Danish WW2 Pilots

A/F/L Charles Marinus Sundby

(1908 - 1948)

Charles Marinus Sundby is one of the Danish officers, who escapes Denmark in order to join the allied air forces. In late 1940, he joins the Royal Canadian Air Force and serves as a flight instructor for a year and a half. He then flies aircraft over the Atlantic. In late, 1942 he joins the China National Aviation Corporation and flies over the Himalayes about 600 times to deliver war supplies and troops from India to China. He is killed in a flying accident in 1948.

Charles Marinus Sundby is born on 15 November 1908 in Valby, Copenhagen. He is the son of Jens Marinus Jensen Sundby and Anna Kathrine Sundby (nee Gerdt). [1]

In the 1920s he is at sea earning experience to pursue a maritime education and career in the merchant marine. In 1933, he qualifies as a ship's officer, and in early 1934, he passes the exam for shipsmaster. [2] When the opportunity comes to train as a naval pilot, he changes careers.

On 23 May 1934 he commences pilot training in the Royal Naval Air Service and gets his wings in 1935 (pilot's certificate 71/35). On 21 December 1935, he is appointed Flyverløjtnant af 2en Grad (Pilot Officer), and on 1 January 1938 he is promoted to Flyverløjtnant af 1ste Grad (Flying Officer). [3] During this period, he participates in four expeditions to the Arctic, including two lead by Lauge Koch.

The Escape from Denmark

On 9 April 1940 German troops occupy Denmark. On the night between 16 and 17 April 1940, Charles Sundby and fellow officer Kaj Birksted escape from Denmark to Sweden in a boat with the intention of joining the Norwegian forces still fighting against German oppression.

On 26 April 1940, Charles Sundby and Kaj Birksted get in contact with the Norwegian forces at Namsås. According to Ancker (2001) they are engaged as liaison officers with the British forces on-board HMS WOLVERINE, and follow the British forces, as they evacuate from Norway. According to a 1945 account from Sundby they are asked by the British to board a Mærsk ship bound for Britain.

They arrive in Britain on 5 May 1940 and apply for the Royal Air Force in London. They are not accepted.

They sign on the M/S TASMANIA bound for Burma, leaving London on 10 June 1940 for Cape Town. Arriving in Cape Town on 10 July 1940, they try to volunteer for the South African Air Force. They have to wait for the final approval. They left Cape Town for Calcutta, where they receive two telegrams: one accepting them in the South Africa Air Force and the other informing them that they have been accepted for the Norwegian air forces. [4] They choose to proceed to the Norwegian forces in Canada.

They sign off in Cuba on 16 October 1940. They arrive in Miami on 18 October 1940 and cross the U.S.-Canadian border on 29 October 1940. In Toronto, Birksted joins the Norwegian air forces as an instructor and later fighter pilot at the training camp "Little Norway". [5]

Joining the Royal Canadian Air Force

Contrary to what was planned, Charles Sundby joins the Royal Canadian Air Force (C 3000). He is a flight instructor at No. 13 Operational and Training Squadron in British Columbia until February 1942. [6]

Royal Air Force Ferry Command

On 4 May 1942 Charles Sundby reports to Royal Air Force Ferry Command at Montreal. His first short-range delivery flight, a Lockheed Hudson IIIA (BW720), takes place on 30 May 1942.

On 12 June 1942 he commences his first trans-Atlantic delivery, Ventura (AE782), departing from Presque Isle via Goose Bay and Greenland arriving in Britain on 15 or 16 June 1942. During the next months he delivers several aircraft: Ventura (AJ213) to Britain, B-25 (FL217) to Britain, Hudson VI (FK498) to Cairo.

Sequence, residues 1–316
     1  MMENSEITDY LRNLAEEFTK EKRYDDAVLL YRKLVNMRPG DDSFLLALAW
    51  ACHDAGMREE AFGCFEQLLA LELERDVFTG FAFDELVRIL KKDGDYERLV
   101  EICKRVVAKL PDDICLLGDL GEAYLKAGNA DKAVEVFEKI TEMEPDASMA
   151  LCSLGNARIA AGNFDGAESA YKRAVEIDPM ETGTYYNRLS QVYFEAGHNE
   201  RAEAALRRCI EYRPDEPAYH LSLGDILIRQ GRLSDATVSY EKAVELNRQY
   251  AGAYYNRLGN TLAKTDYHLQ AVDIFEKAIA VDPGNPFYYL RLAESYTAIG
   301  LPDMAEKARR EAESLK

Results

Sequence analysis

He leaves the Ferry Command in the end of October 1942; according to his crew card the last entry is on 29 October 1942, but according to his daughter he leaves on 23 October 1942. [7]

China National Aviation Corporation

In November 1942 he signs a contract with China National Aviation Corporation and flies to India. In December 1942, he checks out as a Captain/first pilot. Between 1942 and 1945, he flies supplies and troops over the Himalayas between India and China. He flies about 600 flights over "the Hump." [8]

He is given home leave in 1944 and visits friends and family in the USA and Canada. On 25 May 1944 he arrives in Miami, Florida, and he crosses the US/Canadian border on 6 July 1944. [9]In September, he returns to India.

After the War, in the fall of 1945, he returns to Denmark for a short visit to reunite with his wife. They fly back to India and settle in the Far East, where he continues as a pilot with China National Aviation Corporation.

A Tragic Accident

On 21 December 1948 Charles Sundby captains one of three DC-4's leaving Shanghai for Hong Kong. Due to inaccurate weather information the pilots are not aware of very bad weather conditions in Hong Kong.

The DC-4 of Charles Sundby (XT-104) strikes a mountain top near Hong Kong at full power. All on-board are killed. Among these is the grandson of Theodore Roosevelt and Senior Vice President of the China National Aviation Corporation Quentin Roosevelt. [10]

This text has been compiled with the help of Charles Sundby's daughter, who has also written a more comprehensive account found for www.cnac.org. The Charles M. Sundby archive of documents and photos, along with a more extensive biography and a fuller account of the Basalt Island crash, has been donated by his daughter to the Aviation Library & Louis A. Turpen Aviation Museum at the San Francisco International Airport.


  1. Valby parish record
  2. www.cnac.org
  3. www.cnac.org, Clauson Kaas, 1943, HfS, 1940
  4. www.cnac.org, Ancker, 2001
  5. www.cnac.org, Border Crossings: From Canada to U.S., 1895-1956
  6. www.cnac.org, Ancker, 2001
  7. www.cnac.org, Hugh Halliday
  8. www.cnac.org, Ancker, 2001, FLYV, 1946
  9. Border Crossings: From Canada to U.S., 1895-1956
  10. www.cnac.org, Stars and Stripes